screen-shot-2017-04-13-at-12-50-31-pmWhat is so interesting about this painting and what does it tell us about India?
This painting gives a fascinating insight into the effect of the cross-fertilisation between the Indian and the western cultures. That exchange, which is an early example of globalization, shows the Indian genius for absorbing, for ‘Indianizing’ other cultures, leaving the influencing cultural inpact essentially Indian.

“The first thing he (the emperor Akbar) did was to go into the Church …. On entering he was surprised and astonished and made a deep obeisance to the picture of Our Lady that was there, from the painting of St. Luke, done by (Jesuit) brother Manuel Godinho, as well as to another beautifully executed representation of Our Lady brought by Fr. Martin da Silva from Rome, which pleased him no end.” After stepping outside to briefly discuss these paintings with his attendants, the emperor came back with his “chief painter” and others, “and they were all wonderstruck and said that there could be no better paintings nor better artists than those who had painted the said pictures.”

The Indian master painters set about copying, adapting, altering, even transforming the images. We have to bear in mind that classical Indian painting had until quite shortly before this time, tended to depict faces almost always in profile. In this painting the Madonna, in repose, and whilst her Botticelli face and heavy-lidded downward-turned eyes is seen innovatively facing three-quarters to the front, she only superficially suggests something of the purity and divinity depicted by Renaissance masters. She is feeding the infant Christ. She reclines upon a bolster on a Persian carpet which is seen flat and without any perspective, as from above, which is typically Mughal. Behind her is a building in accurate perspective (typically Renaissance) but faced with two classical columns seen flatly, without perspective (typically Indian). Next to the solid classical building is a thatched structure whose perspective does not match the classical building’s. Scattered around the scene are a couple of animals and in the rear is a flatly depicted landscape (typically Mughal). The painting is framed in a typically Mughal way, with arabesque calligraphy and Mughal designs. We do not know to what extent this painting with its western influence went on to change the course of Indian painting in general. Certainly, whilst most of subsequent Indian paintings persisted with the traditional modes of depiction, such as the face in profile, there was an increasing amount of paintings which started showing faces full-on or three-quarter profile and attempts a true perspective. The extent to which the innovative departures from traditional modes of depiction could spread would have been diminished by the limitations of communicating and spreading the images across India at that time.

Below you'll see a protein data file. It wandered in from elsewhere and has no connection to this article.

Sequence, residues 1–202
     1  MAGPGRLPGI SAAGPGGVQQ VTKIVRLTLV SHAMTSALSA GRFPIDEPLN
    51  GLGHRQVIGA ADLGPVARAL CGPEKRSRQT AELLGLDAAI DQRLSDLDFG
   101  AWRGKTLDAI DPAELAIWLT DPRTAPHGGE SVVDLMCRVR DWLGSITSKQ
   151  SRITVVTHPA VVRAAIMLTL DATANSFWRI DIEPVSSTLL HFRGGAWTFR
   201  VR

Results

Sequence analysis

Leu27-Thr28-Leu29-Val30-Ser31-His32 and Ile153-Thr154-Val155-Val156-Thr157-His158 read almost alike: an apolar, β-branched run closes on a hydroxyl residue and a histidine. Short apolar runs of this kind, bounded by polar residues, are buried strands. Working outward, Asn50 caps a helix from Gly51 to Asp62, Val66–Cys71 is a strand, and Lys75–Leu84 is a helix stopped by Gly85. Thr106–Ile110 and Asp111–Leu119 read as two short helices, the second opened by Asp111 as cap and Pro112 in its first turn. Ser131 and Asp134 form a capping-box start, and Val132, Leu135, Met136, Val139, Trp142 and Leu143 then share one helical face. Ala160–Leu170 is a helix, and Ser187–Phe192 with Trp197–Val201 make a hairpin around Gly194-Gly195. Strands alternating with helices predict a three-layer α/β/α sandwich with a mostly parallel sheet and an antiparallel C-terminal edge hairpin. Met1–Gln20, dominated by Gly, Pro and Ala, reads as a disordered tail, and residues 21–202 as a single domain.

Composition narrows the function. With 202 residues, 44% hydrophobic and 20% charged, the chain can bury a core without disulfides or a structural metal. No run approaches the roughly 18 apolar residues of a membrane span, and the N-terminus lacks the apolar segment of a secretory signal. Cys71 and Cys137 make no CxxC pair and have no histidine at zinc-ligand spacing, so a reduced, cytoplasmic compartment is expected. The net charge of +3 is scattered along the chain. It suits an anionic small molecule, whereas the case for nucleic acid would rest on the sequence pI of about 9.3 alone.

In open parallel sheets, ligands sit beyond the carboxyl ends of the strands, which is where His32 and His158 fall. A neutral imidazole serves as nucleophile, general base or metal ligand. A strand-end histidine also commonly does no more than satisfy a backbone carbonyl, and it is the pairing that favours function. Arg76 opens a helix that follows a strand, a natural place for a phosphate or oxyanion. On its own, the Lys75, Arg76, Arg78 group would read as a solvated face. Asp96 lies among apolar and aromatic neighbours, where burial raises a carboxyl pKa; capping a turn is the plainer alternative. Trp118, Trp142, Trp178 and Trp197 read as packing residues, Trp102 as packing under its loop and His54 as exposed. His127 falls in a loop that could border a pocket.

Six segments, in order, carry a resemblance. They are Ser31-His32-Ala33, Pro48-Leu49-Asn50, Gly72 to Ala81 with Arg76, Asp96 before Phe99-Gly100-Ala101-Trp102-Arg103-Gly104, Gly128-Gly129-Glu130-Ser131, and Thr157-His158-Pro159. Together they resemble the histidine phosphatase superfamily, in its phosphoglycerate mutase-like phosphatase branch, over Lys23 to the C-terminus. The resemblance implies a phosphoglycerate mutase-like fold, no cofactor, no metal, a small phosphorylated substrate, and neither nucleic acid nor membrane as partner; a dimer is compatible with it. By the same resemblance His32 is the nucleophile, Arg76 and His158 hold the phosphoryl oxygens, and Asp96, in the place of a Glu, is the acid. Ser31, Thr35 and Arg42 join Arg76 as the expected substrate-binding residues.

It is interesting to step back and consider the wider picture of the impact of other cultures on India and vice versa. Successive empires have come and gone, leaving their mark, and yet, even in our current times, India remains essentially Indian in every influence it has absorbed. And in the last fifty years, Indian culture and spirituality has spread its influence around the world and typically we now see westernised versions of yoga being practised everywhere, usually with the limited objectives of dealing with stress or increasing suppleness and fitness. Whilst the West has taken up a shallow version of a rich yogic heritage, India also has taken up the least attractive features of western materialism without its dynamism and innovation and democratic idealism.

By Vikas, an old Aurovilian now living in UK.